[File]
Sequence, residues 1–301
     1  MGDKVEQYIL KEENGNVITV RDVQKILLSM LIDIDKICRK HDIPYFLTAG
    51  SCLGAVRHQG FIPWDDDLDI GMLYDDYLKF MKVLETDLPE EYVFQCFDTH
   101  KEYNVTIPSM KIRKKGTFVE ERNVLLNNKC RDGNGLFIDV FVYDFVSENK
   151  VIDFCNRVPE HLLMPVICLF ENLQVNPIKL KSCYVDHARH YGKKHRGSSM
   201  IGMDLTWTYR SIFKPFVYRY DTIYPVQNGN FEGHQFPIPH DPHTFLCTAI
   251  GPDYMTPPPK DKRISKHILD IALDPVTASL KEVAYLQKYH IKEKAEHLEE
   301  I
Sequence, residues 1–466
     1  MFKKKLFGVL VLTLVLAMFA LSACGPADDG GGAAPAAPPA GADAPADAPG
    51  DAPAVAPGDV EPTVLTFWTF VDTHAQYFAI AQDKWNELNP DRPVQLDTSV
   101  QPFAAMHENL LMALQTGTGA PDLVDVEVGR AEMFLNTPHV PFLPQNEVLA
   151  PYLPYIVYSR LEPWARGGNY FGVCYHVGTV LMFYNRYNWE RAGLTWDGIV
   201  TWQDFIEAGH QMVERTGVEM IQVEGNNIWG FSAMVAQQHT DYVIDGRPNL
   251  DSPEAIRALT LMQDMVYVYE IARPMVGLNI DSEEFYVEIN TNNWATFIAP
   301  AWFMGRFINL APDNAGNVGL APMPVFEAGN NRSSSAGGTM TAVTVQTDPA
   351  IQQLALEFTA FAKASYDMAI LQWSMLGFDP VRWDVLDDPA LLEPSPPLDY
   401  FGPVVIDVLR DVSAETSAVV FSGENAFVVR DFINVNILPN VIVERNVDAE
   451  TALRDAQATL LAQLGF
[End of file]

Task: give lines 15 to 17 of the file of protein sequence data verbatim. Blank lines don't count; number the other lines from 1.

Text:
   251  DSPEAIRALT LMQDMVYVYE IARPMVGLNI DSEEFYVEIN TNNWATFIAP
   301  AWFMGRFINL APDNAGNVGL APMPVFEAGN NRSSSAGGTM TAVTVQTDPA
   351  IQQLALEFTA FAKASYDMAI LQWSMLGFDP VRWDVLDDPA LLEPSPPLDY